Developers must give land or moneyA code that requires developers give up land to enhance Dickinson parks hasn’t been applied in years but is being brought back to life.
A code that requires developers give up land to enhance Dickinson parks hasn’t been applied in years but is being brought back to life.
The code, which has left a bad taste in the mouth of at least one local developer, requires at least 5 percent of development land be given to the Dickinson Park District, otherwise known as Parks and Recreation, Director James Kramer said.
If the city and developer decide a park is not needed in the area, the developer must pay the Park District instead, Kramer said.
Though the Park District gets the land, a park may not be developed.
Dave Kitzan, a Dickinson resident developing a 100-acre subdivision, doesn’t agree with the rule.
“If a developer purchases land from the city and the land requires a park, the developer should not be obligated to pay for that land nor donate it to the Parks and Rec.,” Kitzan said in an e-mail. “It should be handled internally by the city.”
He is developing Diamond Acres Subdivision in northeast Dickinson.
There is already park property on each end, Kitzan added.
Due to an increase in building in the city, the code is being enforced for the first time in years, Kramer said.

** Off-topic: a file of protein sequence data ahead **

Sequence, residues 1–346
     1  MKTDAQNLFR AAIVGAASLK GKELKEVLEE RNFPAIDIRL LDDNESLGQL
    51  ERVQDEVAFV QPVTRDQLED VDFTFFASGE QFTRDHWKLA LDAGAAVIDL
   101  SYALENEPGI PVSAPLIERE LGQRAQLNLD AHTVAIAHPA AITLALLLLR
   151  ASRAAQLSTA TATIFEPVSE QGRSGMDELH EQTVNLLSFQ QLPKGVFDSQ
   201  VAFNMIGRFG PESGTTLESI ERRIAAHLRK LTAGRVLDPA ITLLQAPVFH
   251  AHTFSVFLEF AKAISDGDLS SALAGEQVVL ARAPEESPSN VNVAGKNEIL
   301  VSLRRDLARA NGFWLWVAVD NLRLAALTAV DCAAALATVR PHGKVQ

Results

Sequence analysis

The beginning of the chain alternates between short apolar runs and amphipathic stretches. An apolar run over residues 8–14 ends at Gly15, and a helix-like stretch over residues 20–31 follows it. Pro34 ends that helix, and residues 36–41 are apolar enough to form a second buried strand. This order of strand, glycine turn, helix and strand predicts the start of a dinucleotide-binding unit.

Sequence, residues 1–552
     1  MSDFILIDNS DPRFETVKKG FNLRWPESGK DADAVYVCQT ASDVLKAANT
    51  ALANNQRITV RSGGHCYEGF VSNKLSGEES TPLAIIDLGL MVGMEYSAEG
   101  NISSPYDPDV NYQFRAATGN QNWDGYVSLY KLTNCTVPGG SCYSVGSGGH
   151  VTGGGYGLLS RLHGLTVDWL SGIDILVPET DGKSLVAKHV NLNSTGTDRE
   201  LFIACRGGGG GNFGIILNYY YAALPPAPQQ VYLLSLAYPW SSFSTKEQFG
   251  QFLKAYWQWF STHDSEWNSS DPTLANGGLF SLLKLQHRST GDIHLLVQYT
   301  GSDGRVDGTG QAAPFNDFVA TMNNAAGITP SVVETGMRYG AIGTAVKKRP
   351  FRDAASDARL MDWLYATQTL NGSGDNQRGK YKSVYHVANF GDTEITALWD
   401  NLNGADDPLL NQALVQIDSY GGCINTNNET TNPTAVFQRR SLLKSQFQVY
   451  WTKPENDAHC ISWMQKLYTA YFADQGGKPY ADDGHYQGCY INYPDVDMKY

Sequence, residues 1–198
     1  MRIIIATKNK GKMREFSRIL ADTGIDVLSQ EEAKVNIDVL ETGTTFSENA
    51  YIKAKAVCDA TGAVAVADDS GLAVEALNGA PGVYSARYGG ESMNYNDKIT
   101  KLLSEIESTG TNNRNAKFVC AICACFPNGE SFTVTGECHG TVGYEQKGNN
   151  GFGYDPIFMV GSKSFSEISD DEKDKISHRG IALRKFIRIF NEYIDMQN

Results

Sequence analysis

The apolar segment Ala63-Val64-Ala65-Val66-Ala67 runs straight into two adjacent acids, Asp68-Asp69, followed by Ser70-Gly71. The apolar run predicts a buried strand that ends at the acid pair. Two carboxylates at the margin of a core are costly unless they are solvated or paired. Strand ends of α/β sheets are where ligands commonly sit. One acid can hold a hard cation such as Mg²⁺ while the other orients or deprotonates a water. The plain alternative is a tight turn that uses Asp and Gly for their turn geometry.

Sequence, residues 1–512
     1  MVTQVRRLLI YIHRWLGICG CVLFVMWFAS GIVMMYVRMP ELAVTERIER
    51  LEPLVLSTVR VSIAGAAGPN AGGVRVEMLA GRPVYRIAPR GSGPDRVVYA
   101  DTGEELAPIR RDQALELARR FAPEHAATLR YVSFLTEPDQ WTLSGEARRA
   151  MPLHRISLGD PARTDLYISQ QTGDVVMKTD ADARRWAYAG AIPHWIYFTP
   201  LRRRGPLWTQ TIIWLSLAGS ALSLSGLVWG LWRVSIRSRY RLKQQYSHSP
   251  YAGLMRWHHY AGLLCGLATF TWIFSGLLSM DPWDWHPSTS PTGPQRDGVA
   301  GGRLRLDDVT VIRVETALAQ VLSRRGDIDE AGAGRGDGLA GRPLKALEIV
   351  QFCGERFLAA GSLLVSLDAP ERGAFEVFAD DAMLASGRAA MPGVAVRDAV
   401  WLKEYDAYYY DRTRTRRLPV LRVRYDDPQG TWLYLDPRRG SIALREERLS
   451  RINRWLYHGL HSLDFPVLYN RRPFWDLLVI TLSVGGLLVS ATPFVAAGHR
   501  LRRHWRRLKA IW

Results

“For quite a while it hasn’t been an issue because there hasn’t been that much new development,” Kramer said. “Now we’re starting to see new developments, new areas of town being annexed; things like that, where, now this ordinance is coming more in to play.”
The ordinance does not apply to commercial or industrial property, said Shawn Soehren, city engineer. The code is enforced when an area is platted, he added.
Areas that already have park land dedicated, but are re-platted, do not have to have land rededicated, Soehren said.
Developers are made aware of the ordinance as they’re developing a plat, Soehren said.
“The point of it, I imagine, is quality of life,” Soehren said. Residents typically want parks for their children and that’s why the code is in place, he added.
The Park District and Planning and Zoning Commission members decide whether land or cash should be provided, Soehren said. They also decide what portion of land will become the Park District’s, he added.
However, the developer does have a say in where the park land will go.
“But to say you’re going to give the Park District a bunch of land that’s not usable, that doesn’t necessarily work either,” Soehren said. “It’s all got to be worked out together before you get a plat that’s acceptable for everyone to be approved.”
Bill Fahlsing, Dickinson public information officer, could not provide information Friday evening on how long it’s been since the code was enforced.